3. Risk assessment

Vendor risk assessments take place to evaluate each vendor and analyse their inherent risks. This risk assessment can be done by using existing standards and frameworks such as ISO27001, NIST Cybersecurity framework or CSA CAIQ.

4. Risk mitigation

The identified risks after analysis are mitigated by using proposed controls and security standards. The risk scoring of vendors is placed against the risk appetite to plan treatment and control validation in the scope of the desired residual risk level.

5. Contracting and procurement

The contractual obligations are set in this phase (runs parallel with the risk-mitigating phase). This includes defined scope of services or products, term and termination clauses, confidentiality clause, limitation of liability, data processing agreement, second-tier or subprocessor change clauses and SLAs.

6. Reporting and recordkeeping

This includes documenting each activity of the risk management program, including total vendor count, vendors sorted by risk level, status on all third-party risk assessments, number of vendors with expiring or expired contracts.

7. Ongoing monitoring

This stage helps determine all the important risk-changing events in vendor risk management, including new laws, negative news stories, data breaches, and internal policy changes. It includes evolving usage of a vendor, which may greatly impact the risk significantly with third-party vendors.

8. Vendor offboarding

An offboarding procedure is critical to the vendor risk management process. Keeping records up to date and for the security purpose, it is vital to have a checklist developed for an offboarding process that confirms the company and customer information disclosed with the vendor have been taken back completely.

Checklist for an effective vendor risk management


Checklist for an effective vendor risk management

How do you create an effective vendor risk or third-party risk management program?

Every business entity should have documented and implemented vendor risk management policies and procedures. These policies and procedures should be reviewed regularly to ensure the impact of changing business conditions. For that, entities need to establish standardised vendor and service provider evaluation risk ratings. These ratings will set a benchmark to assess existing and new vendors.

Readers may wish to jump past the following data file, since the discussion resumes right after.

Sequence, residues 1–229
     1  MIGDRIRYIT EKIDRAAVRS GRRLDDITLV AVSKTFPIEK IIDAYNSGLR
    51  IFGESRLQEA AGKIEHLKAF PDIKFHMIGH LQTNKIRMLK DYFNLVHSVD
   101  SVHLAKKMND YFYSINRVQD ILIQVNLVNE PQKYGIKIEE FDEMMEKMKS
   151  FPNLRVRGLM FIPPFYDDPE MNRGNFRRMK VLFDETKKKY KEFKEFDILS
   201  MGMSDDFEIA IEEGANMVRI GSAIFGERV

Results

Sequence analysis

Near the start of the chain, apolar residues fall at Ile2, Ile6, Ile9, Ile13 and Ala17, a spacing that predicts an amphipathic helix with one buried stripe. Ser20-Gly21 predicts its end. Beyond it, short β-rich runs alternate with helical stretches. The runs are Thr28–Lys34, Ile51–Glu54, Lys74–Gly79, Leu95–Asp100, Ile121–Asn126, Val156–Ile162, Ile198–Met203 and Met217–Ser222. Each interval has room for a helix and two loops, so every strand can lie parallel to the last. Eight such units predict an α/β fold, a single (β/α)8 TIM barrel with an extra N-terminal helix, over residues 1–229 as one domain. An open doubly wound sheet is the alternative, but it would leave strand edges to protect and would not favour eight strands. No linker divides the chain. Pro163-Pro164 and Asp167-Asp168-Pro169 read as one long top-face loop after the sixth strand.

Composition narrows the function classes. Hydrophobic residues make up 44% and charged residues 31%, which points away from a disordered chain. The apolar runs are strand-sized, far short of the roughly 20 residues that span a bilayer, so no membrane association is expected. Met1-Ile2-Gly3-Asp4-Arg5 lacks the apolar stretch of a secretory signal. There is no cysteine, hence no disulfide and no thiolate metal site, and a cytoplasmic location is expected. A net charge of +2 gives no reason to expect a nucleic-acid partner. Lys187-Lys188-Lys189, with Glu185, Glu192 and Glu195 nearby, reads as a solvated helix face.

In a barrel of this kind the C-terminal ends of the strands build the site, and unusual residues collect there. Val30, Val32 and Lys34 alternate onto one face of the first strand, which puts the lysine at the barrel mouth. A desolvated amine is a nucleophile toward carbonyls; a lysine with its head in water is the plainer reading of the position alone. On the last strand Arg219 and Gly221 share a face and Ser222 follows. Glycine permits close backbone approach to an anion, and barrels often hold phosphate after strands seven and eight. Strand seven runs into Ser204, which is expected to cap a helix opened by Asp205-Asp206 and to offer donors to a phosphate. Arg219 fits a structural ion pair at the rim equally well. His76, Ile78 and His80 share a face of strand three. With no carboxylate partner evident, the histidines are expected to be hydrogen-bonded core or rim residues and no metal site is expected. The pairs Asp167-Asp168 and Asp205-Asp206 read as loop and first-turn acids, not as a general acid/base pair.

Policies should allow for regular review of vendor monitoring. This helps to reduce the risk exposure associated with a vendor or supplier. Companies should also incorporate vendor risk management programs into their policies that ensure they can perform the following requirements:

  1. It is developing a risk appetite statement to define the company’s risk appetite. Once the company identify the threshold of its risk appetite, it can understand what kind of vendor risk it can bear and what type of risk it should avoid.
  2. Managing risks for an individual product or service offered by a vendor to minimise operational risks.
  3. I am choosing a framework for vendor assessment to define the roles and responsibilities while handling a vendor risk.
  4. It is identifying the risk types that are a concern to a company’s business operations. Not every risk needs to be assessed as the assessment depends upon the business process and its outcome. So every VRM program should define the risk levels to eliminate the high and medium risk factors.
  5. We are creating a comprehensive vendor inventory to track critical attributes defined by a business entity.